Battle of the Crater, Newt Gingrich and William R. Forstchen

Battle of the Crater, Newt Gingrich and William R. Forstchen

The Battle of the Crater was one of a series of disastrous Union attacks on the Confederate positions around Richmond and Petersburg launched during 1864 and whose failure ensured that the American Civil War would drag on into 1865. The Union attack was meant to take advantage of the explosion of a massive mine that had been dug under a strong point in the Confederate lines. A fresh division of black troops was picked to lead the attack, and underwent rigorous training to ensure its success. Unfortunately just before the attack the Union commanders decided to withdraw that division from the attack. The randomly chosen division that replaced it hadn't been trained, and the attack ended in disaster.

The blurb suggests that the novel is set in the aftermath of that failure. In fact the attack itself takes place three quarters of the way into the book, with most of the book following one regiment of black troops (the 28th USCT) as they prepared for the attack, partly as seen through the eyes of an NCO in the regiment, and partly through the eyes of a war artist secretly reporting to Lincoln.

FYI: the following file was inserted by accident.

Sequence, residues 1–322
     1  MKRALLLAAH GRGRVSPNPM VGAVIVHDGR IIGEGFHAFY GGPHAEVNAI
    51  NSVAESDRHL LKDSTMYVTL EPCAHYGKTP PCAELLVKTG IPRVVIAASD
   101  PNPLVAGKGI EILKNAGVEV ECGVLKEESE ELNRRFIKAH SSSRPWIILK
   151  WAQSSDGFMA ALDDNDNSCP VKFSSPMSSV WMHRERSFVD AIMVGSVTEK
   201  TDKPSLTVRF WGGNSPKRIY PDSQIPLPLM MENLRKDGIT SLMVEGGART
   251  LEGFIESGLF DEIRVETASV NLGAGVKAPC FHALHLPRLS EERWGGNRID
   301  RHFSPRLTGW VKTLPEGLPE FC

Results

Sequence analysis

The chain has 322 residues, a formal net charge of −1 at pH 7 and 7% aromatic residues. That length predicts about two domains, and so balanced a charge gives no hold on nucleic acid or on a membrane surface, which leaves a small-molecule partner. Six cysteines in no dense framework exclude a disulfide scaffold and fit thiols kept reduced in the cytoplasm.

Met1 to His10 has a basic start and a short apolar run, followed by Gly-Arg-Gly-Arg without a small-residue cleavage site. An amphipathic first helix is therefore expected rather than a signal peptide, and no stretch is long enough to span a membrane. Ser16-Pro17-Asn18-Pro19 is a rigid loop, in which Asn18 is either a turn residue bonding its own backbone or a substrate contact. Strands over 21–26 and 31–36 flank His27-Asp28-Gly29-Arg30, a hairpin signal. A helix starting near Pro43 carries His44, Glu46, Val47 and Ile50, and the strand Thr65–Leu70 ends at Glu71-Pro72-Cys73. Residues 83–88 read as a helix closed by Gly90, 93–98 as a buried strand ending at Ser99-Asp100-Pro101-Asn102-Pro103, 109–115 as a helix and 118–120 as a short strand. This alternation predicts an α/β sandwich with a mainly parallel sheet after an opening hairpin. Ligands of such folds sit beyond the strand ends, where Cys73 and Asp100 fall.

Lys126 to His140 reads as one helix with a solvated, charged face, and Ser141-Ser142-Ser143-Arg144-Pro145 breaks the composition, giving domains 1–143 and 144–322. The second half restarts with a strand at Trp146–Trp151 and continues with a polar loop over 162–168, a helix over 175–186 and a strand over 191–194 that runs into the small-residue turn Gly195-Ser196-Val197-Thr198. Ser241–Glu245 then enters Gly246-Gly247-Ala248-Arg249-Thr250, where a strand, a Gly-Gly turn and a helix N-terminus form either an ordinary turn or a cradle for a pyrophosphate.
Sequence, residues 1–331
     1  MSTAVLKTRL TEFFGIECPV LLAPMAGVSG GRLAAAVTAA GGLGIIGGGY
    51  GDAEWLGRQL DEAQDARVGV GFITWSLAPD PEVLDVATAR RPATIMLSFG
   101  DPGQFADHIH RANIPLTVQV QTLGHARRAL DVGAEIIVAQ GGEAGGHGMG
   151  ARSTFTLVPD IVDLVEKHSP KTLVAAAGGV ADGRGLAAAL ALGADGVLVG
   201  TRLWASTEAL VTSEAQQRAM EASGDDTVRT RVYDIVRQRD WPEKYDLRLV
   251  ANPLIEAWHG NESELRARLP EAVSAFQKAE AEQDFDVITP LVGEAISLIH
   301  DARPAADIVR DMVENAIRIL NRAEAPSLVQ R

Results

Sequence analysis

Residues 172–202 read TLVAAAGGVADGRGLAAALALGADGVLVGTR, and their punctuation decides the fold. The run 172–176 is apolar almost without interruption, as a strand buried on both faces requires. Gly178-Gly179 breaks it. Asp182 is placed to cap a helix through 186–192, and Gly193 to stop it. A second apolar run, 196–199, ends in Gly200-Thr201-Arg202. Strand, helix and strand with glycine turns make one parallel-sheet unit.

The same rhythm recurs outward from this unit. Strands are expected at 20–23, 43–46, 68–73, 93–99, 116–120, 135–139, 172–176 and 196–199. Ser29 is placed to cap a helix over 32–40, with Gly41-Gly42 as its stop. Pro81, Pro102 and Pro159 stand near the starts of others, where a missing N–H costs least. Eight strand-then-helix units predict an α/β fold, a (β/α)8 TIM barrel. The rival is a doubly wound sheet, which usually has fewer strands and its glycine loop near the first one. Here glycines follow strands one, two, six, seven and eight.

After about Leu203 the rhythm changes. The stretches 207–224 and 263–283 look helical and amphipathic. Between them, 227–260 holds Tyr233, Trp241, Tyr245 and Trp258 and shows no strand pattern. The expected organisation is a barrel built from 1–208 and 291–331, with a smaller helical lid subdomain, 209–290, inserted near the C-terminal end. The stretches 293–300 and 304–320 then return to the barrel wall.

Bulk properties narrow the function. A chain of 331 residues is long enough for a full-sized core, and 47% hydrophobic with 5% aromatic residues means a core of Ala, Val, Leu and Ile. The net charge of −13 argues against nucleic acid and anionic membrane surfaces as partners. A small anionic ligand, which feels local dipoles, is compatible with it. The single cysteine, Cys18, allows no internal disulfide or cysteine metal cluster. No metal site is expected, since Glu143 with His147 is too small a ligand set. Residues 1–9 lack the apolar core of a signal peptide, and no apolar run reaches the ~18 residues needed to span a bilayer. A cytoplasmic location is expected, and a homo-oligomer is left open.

This is a entertaining read, despite being based around one of the more depressing Union failures of the Civil War. The authors avoid picking sides when allocating blame for the eventual disaster, and instead do a good job of tracing the development of the battle from the initial very promising plan to the eventual failure. This story deserves to be told, and this novel does that well.

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Author: Newt Gingrich and William R. Forstchen
Edition: Paperback
Pages:  384
Publisher: Thomas Dunne/ St. Martin's Press
Year: 2012

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